Laverne Cox has become the face and voice for the transgender community in the media. When Orange is the New Black premiered on Netflix on July 11, 2013, Cox appeared as the role of Sophia Burset, a transgender inmate at Litchfield Penitentiary. Cox was the first openly transgendered woman of colour to portray a fictional transgender character. The character of Sophia and her interactions with the other inmates raises awareness around sex-reassignment operations, transmisogyny (the intersection of transphobia and misogyny) and the positive effects that can result from being true to oneself. Following Cox’s role in Orange is the New Black, on June 9th, 2014 Cox also became the first openly transgender person to appear on the cover of Time magazine. The title of the article by Katy Steinmetz, “The Transgender Tipping Point”, was also seen on the cover. Cox’s messages and influence has been disseminated on many media platforms; however, her exposure in OITNB and on Time magazine has been extremely important for educating the public on transgender issues.

The fact that Cox is also a trans woman of colour further places her in a very inspirational and powerful position. For she has not only become the voice for the transgender community but she has also brought awareness to major systems of oppression.

Transphobia, according to Oxford Dictionaries is: “The intense dislike of or prejudice against transsexual or transgender people” (Oxford Dictionary). According to the LGBT Mental Health Syllabus, in 1980, the American Psychiatric Association added gender identity disorder to the Diagnostic and Statistic Manual (DSM). However, in May 2013, an updated diagnosis in the DMS was made and changed “gender identity disorder” to “gender dysphoria” (Mental Health Syllabus, 2013). This change demonstrates the shift in recognizing transgender as a personal feeling rather than a disorder. This fairly recent idea has pushed societal boundaries by questioning and contradicting the gender binary, heternormativity and cisgender assumptions. Through Cox’s lack of conformity to mainstream understandings of gender identity, she has demonstrated that it’s acceptable to be different. Cox is helping to slowly break down these negative barriers; and she simply does not allow them to stop her. Hopefully over time as Cox continues to address transphobia, negative stigmatization around transgender individuals will be eliminated and more tolerance will occur.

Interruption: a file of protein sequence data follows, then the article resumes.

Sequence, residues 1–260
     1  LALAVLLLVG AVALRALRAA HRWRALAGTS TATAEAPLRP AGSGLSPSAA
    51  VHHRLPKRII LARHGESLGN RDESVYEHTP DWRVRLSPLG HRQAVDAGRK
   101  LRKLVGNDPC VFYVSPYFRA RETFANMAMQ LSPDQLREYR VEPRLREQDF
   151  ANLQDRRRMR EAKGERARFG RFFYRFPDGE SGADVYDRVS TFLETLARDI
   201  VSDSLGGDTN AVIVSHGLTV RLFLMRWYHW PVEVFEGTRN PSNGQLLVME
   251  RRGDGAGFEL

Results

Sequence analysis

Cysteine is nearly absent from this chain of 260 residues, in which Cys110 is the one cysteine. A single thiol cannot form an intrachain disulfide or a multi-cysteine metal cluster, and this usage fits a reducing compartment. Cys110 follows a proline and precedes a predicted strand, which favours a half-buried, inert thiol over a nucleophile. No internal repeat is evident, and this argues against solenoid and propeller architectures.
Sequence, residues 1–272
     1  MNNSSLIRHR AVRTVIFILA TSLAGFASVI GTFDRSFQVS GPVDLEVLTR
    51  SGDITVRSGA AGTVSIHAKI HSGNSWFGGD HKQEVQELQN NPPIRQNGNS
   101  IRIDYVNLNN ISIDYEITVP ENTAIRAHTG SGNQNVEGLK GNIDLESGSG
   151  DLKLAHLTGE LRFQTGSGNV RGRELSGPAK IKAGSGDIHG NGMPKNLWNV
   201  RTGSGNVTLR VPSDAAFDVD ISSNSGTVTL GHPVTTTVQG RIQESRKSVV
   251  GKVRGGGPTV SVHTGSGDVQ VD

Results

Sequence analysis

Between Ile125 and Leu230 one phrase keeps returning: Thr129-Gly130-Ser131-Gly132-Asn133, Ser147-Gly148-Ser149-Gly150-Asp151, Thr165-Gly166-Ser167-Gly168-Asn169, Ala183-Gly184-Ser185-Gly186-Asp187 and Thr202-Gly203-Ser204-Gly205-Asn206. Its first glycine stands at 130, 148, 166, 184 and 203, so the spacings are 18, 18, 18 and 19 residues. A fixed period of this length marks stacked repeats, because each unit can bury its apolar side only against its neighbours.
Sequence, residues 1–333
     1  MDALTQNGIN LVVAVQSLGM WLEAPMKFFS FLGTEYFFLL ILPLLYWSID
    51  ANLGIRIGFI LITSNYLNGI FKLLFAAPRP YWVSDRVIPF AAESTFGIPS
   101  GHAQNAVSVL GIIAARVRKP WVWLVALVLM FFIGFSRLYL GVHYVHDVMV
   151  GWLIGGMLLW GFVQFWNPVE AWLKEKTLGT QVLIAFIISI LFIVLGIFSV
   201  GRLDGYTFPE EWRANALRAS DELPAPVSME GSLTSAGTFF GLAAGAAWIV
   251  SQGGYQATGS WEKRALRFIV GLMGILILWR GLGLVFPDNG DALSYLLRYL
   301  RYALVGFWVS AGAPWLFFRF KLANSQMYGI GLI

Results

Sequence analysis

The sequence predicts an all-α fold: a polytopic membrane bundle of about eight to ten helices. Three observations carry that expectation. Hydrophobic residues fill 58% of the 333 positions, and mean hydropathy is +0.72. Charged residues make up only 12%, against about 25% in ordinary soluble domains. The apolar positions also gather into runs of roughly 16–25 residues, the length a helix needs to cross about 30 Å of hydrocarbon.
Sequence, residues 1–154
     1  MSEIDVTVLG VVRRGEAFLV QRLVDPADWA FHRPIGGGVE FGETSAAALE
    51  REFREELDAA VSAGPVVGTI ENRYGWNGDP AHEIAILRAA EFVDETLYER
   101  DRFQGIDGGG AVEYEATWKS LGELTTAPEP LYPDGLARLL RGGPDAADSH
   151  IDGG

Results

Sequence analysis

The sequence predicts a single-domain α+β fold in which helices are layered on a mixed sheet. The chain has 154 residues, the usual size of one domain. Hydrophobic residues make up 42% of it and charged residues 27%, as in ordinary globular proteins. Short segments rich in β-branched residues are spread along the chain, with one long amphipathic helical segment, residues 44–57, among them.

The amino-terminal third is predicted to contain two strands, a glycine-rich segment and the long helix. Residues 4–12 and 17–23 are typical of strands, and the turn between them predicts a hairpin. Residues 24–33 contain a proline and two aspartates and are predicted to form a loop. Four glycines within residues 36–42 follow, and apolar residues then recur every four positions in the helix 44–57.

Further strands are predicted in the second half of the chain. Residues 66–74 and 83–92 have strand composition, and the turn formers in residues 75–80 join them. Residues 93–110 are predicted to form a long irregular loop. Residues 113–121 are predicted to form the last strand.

Unfortunately, the patriarchal society that we live in further oppresses and marginalizes Cox. A transgendered individual who undergoes a gender reconstruction from male to female often experiences further oppression. Some may question why a man would chose to give up his dominant position for a subordinate one in a society that values men and male domination. This idea has made trangendered females very vulnerable by being put in the spotlight for “choosing to” experience misogyny, sexism and inequality. Nonetheless, Cox demonstrates her ability to push these societal limits by being herself and remaining true to her gender identity.